Fear drives such a large part of the creative process, as I have known from being an artist as well as a designer who has been a part of the fashion industry for such a long time. Will this look good? Is it good enough? Is it trendy? Is it a viable design solution? Are the colors too vibrant? Are they too dark? Am I revealing too much? Am I being too inhibited? The fear of 'failing', of being rejected, of being ripped off, of being betrayed, the list goes on...This vulnerability and its power over a creative mind can be crippling. Often, many potentially great ideas die a slow death in an artist's/designer's mind, largely due to uncertainty, indecision or unnecessary doubts.
Some time ago, I came across a Facebook post about an inspired 5th grade art teacher named Charlotte. She noticed that many of her students were too weighed down by fear to let their creativity flow. It struck a chord with me immediately, reminding me of my own insecurities. Charlotte read to them an excerpt from Elizabeth Gilbert’s book “Big Magic: Creative Living Beyond Fear”, which talks about the interwoven relationship of creativity and fear. As a result, she and the students created a “Fear Chair”. The dazzling purpose of this fear chair was to acknowledge and make all their “fears” sit there, thus allowing the children to freely create without the burden of a buried, nameless, unrecognized, yet clogging and stifling fear.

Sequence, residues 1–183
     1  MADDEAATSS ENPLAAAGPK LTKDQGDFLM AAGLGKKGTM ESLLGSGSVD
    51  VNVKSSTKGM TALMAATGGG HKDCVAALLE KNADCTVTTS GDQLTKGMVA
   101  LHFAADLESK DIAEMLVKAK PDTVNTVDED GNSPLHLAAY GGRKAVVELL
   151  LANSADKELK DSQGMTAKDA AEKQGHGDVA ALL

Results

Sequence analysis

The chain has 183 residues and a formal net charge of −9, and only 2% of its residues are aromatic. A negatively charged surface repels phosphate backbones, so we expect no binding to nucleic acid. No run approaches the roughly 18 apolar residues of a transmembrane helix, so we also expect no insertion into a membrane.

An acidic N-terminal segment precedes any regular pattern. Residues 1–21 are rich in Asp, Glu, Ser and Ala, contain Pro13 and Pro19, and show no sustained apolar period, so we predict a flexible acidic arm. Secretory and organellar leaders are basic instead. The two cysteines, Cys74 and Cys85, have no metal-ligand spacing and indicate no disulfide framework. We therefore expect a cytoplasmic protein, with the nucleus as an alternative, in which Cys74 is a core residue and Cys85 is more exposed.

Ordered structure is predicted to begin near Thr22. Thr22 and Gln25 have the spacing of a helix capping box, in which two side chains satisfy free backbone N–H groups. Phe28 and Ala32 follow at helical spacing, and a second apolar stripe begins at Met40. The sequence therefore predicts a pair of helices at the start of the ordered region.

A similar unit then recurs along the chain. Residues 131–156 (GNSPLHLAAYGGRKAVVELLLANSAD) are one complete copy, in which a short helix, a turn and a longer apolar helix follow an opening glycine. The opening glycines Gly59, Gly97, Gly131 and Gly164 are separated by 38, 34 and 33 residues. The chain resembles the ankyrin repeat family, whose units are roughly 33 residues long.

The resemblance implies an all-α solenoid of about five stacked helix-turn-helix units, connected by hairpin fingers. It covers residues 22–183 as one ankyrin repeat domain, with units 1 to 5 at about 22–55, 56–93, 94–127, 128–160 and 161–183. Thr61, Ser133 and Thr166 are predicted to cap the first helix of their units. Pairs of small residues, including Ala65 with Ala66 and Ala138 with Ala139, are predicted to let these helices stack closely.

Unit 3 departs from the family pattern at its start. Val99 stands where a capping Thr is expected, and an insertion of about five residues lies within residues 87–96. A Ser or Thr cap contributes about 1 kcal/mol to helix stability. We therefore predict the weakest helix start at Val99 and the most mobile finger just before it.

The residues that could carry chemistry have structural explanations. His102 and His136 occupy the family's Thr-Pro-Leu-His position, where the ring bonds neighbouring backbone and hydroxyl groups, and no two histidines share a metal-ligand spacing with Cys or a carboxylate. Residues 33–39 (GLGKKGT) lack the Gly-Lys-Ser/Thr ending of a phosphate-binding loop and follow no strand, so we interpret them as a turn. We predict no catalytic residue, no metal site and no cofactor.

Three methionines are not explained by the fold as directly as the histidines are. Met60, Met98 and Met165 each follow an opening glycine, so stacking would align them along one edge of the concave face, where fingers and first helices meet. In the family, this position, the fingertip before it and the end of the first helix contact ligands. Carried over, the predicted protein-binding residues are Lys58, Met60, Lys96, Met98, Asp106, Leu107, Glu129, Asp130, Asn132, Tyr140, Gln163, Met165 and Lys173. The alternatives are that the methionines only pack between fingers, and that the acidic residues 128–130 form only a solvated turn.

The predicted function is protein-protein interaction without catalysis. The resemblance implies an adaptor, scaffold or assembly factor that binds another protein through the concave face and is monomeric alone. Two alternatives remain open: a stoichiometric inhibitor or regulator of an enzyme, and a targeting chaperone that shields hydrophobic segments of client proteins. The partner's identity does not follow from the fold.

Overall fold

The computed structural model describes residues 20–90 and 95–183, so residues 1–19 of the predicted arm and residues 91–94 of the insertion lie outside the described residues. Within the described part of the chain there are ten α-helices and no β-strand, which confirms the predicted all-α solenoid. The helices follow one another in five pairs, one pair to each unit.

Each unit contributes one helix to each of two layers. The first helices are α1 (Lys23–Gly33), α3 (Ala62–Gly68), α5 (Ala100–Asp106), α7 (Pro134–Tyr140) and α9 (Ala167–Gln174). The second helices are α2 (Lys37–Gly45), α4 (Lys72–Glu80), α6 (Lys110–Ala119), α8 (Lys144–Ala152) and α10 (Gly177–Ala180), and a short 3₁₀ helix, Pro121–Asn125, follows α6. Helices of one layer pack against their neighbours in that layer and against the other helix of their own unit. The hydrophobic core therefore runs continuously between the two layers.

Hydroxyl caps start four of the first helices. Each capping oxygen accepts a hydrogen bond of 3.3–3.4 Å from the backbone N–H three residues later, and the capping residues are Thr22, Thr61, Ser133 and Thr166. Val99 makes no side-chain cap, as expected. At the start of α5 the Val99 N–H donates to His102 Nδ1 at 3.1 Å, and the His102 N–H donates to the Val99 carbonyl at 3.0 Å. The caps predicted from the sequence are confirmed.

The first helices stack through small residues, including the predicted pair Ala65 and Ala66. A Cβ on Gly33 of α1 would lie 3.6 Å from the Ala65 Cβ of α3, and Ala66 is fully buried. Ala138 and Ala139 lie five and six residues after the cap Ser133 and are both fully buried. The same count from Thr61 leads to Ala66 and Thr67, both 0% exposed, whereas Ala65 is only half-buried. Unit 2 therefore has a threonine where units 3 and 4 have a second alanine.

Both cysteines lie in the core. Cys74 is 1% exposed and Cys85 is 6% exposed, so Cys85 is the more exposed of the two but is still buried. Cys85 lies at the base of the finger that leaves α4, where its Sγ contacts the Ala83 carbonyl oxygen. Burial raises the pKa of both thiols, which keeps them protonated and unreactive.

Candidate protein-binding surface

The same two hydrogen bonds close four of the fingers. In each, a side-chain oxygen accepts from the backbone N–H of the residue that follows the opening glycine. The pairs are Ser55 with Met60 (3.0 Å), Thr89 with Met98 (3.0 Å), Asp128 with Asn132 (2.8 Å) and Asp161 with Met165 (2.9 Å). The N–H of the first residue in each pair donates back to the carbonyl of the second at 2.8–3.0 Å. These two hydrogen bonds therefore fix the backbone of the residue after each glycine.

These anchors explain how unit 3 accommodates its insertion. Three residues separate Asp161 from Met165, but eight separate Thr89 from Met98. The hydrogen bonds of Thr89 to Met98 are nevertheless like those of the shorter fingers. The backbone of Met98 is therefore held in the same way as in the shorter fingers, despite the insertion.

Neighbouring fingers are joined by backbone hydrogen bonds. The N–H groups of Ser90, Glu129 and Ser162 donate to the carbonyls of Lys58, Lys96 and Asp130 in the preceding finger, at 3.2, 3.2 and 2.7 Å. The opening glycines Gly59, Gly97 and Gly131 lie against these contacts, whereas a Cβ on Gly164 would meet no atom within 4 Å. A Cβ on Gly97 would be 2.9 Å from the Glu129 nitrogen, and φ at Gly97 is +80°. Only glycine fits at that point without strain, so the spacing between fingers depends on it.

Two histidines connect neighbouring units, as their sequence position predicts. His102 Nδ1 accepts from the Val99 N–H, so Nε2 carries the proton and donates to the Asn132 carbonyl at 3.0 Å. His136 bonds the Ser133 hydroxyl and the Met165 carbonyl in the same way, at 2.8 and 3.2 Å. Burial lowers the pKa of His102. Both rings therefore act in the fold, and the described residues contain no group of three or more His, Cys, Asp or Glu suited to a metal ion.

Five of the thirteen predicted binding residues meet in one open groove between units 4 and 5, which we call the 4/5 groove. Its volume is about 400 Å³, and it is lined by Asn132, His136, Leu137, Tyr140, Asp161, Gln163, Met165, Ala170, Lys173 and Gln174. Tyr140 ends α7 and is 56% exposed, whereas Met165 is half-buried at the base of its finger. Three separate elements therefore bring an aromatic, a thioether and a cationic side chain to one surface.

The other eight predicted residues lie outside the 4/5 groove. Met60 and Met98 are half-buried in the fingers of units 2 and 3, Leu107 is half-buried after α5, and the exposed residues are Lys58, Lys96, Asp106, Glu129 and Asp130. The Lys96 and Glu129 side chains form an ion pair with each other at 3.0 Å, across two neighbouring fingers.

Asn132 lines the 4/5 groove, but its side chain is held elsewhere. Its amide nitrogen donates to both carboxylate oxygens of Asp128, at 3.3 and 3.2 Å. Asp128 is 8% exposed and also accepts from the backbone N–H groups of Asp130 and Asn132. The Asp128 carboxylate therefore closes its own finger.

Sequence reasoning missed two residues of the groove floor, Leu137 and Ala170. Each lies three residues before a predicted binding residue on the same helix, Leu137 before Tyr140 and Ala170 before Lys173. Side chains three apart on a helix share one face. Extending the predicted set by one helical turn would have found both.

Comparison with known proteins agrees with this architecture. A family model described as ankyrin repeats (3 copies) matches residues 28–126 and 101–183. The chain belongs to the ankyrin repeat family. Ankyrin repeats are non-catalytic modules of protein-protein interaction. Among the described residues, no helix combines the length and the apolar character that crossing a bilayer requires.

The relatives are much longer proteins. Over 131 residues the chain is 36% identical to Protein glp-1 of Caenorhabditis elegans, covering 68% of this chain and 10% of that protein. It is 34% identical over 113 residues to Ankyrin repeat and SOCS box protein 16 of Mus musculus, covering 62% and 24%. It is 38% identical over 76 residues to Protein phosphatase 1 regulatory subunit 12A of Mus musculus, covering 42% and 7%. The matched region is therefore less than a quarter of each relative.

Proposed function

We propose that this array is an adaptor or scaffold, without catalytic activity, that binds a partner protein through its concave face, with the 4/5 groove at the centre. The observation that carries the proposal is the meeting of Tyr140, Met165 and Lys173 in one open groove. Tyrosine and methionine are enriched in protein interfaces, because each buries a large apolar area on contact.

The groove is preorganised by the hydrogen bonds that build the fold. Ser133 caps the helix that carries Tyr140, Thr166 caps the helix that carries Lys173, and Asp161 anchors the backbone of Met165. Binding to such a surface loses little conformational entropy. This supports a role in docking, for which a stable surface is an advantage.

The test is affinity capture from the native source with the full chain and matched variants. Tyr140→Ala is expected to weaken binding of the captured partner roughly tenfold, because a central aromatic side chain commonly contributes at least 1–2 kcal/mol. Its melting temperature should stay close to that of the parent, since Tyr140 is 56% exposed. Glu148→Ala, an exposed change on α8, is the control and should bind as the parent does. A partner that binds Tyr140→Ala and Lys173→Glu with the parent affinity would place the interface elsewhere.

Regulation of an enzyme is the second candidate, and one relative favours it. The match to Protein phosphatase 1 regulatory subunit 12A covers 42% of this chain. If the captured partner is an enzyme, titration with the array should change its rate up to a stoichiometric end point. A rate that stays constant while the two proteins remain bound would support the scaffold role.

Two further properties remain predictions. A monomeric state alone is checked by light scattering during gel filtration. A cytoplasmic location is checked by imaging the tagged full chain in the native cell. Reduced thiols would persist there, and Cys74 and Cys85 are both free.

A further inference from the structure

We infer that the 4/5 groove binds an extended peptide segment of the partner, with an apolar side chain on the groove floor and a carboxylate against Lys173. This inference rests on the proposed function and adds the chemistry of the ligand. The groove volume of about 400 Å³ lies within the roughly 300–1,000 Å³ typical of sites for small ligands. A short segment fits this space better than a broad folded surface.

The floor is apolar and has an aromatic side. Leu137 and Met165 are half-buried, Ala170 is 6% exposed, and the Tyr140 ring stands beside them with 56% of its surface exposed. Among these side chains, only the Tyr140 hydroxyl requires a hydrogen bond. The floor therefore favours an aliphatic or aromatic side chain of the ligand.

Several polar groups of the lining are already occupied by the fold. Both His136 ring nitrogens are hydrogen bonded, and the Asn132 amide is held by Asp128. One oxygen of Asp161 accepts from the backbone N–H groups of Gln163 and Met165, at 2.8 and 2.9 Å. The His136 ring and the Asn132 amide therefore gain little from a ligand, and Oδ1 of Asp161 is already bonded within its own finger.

I love this ingenious concept of acknowledging one's fear, actually sitting it down and then, unencumbered, moving on to what one does best- being creative. And not letting the fear dictate the flow of ideas.
But this is in no way easy, as the very vulnerability that inhibits can also be the source of great art. The key lies in being able to distance the self enough to be unaffected , but close enough to be able to draw inspiration from those very fears.
So this is what I plan to do. Go ahead and be creative. Without fear.